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View of Georgetown campus from the Virginia side of the Potomac

View of Georgetown campus from the Virginia side of the Potomac

Documentary Video Production: 1. Pre-Production

Writing a Script

A two-column script is an easy way to structure and plan for your documentary project. Even if you don't know what your interviewees will say or what footage you might shoot, writing a script predicting what you want your final film to look like is a great way to stay organized. Once you do shoot your documentary, you can update your two-column script to reflect what video and audio you actually have to work with.

 

 

In the left column of your script you will describe all the VIDEO your viewer will see (b-roll, a-roll, photos, diagrams, screen captures, etc.). In the right column, you will describe all the AUDIO the viewer will hear (interview bits, music, narration, sound effects, etc.). Think of each row as one scene in your documentary, with the audio playing over the video.

 

 

(photo from flickr by xlibber AttributionAttributionSome rights reserved)

Creating a Storyboard

A storyboard is a visual representation of your digital story. A storyboard can be a helpful alternative or supplement to a script. You don't have to be a great artist to create a storyboard. Stick figures are okay!

Depending on how much detail you want to include, you can draw out every shot or every scene in each storyboard "box". Audio details and other information can be written under each storyboard box.

Click below to download and print a pdf of a storyboard template.

Choosing a Documentary Style

  1. Poetic
    This type of documentary often breaks spatial and temporal continuity and is focused more on conveying a mood or tone rather than presenting facts. Images are usually arranged into patterns, actors don't represent characters, and there are loose visual associations. (example: Koyaanisqatsi)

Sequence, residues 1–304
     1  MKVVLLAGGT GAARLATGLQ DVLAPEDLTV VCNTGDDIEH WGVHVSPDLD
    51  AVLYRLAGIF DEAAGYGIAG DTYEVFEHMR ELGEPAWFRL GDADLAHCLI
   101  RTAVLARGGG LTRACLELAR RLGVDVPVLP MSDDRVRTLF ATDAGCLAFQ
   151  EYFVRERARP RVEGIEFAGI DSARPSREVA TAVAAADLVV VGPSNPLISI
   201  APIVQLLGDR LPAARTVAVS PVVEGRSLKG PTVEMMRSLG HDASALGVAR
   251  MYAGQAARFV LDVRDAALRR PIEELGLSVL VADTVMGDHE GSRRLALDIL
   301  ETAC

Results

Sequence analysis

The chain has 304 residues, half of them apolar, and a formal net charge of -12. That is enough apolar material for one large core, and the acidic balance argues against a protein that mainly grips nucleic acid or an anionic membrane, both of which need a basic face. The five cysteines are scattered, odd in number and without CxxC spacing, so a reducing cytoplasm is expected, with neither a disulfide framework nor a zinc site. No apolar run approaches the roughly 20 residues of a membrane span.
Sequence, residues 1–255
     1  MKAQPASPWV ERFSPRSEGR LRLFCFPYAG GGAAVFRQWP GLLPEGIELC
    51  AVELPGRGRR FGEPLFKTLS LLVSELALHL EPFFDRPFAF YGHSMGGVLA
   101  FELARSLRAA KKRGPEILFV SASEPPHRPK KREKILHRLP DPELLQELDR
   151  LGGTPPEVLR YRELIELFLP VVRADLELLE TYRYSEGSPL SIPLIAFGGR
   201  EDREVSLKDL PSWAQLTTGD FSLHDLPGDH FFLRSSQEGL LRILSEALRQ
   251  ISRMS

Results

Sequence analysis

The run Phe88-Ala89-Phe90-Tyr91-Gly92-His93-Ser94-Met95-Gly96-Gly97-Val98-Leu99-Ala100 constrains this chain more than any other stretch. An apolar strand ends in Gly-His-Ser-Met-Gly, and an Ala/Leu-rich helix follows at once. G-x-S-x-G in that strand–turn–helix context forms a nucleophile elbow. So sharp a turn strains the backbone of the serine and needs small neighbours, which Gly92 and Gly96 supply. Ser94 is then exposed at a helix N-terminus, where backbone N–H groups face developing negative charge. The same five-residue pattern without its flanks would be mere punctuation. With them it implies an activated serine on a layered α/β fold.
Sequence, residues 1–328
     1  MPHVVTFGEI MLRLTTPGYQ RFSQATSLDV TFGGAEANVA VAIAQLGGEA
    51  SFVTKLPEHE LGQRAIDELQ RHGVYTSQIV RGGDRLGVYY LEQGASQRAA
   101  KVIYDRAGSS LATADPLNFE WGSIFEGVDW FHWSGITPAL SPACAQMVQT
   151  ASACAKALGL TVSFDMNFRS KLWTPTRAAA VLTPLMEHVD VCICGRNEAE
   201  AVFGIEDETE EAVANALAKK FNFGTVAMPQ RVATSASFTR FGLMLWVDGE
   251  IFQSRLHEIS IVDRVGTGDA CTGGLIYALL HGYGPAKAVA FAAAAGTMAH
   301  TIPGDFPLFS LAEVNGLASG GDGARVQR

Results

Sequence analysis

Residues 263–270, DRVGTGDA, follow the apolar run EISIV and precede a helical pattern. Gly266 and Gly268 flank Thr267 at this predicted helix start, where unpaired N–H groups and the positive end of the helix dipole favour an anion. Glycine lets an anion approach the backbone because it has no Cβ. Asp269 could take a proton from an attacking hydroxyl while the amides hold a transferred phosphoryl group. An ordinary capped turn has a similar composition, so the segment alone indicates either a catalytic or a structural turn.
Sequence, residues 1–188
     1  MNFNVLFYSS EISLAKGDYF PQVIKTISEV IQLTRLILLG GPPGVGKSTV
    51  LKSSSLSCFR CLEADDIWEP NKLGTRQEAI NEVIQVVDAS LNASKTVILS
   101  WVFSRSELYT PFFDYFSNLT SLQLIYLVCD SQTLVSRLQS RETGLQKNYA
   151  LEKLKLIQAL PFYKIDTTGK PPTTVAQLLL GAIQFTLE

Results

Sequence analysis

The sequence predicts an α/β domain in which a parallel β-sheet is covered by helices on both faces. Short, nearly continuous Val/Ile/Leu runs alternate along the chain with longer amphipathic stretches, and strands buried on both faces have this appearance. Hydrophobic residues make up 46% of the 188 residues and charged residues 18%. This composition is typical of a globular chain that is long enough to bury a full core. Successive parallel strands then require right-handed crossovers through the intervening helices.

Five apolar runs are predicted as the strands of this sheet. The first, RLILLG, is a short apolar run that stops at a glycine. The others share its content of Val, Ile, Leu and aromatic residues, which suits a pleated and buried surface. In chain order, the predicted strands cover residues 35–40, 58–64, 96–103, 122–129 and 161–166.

2. Expository
    This type of documentary tries to persuade the audience with an argument, presented by a voice-of-god commentary or voice-of-authority commentary. This style relies on interviews and supporting b-roll images. (example: Spellbound)
  3. Observational
    This type of documentary is also known as "cinema verité." In this approach the filmmaker stays invisible and does not intervene with the events unfolding chronologically in front of the camera. The goal is to capture spontaneous behavior. Observational documentaries generally exclude voice over, supplementary music or sound effects, intertitles, behavior repeated for the camera, historical reenactments, and even interviews. (example: Our Daily Bread)
  4. Self-Reflexive
    This type of documentary exposes the process of filmmaking within the documentary. Subjects are seen interacting with the film crew and information about the production process is often revealed. (example: Man With a Movie Camera)
  5. Performative
    This type of documentary features the filmmaker, who is usually testing out a theory or undergoing a personal experiment, as the subject of the film. The filmmaker speaks directly to the camera or provides a first-person voice over. (example: Super Size Me)

Useful Links

Celtx - An excellent scriptwriting software. You can sign up for a free account or upgrade to get more features.


Cesar Chavez - A sample script for a history documentary about Cesar Chavez

Ten Tips for Effective Brainstorming - Great tips for getting the most out of your brainstorming session. Very useful for groups.

How to Write a Script - A detailed guide by UNESCO for writing a script.